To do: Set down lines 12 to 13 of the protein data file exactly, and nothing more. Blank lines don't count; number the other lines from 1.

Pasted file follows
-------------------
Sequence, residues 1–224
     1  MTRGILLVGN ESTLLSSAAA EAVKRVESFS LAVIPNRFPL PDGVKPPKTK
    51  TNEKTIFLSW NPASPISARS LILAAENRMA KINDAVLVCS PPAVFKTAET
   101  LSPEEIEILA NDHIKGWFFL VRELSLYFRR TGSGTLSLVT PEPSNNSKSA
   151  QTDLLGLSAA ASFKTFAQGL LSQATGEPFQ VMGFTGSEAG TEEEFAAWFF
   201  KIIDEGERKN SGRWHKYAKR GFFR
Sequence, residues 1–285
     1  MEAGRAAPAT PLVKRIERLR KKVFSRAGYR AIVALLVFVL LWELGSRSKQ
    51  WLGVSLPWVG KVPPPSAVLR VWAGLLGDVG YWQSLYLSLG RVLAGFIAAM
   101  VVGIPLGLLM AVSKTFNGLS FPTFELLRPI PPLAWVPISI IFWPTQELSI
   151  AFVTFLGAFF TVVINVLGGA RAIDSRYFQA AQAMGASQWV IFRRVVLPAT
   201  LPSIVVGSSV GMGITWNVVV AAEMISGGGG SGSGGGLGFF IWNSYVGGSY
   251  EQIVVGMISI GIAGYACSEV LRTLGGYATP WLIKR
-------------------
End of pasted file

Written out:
   201  LPSIVVGSSV GMGITWNVVV AAEMISGGGG SGSGGGLGFF IWNSYVGGSY
   251  EQIVVGMISI GIAGYACSEV LRTLGGYATP WLIKR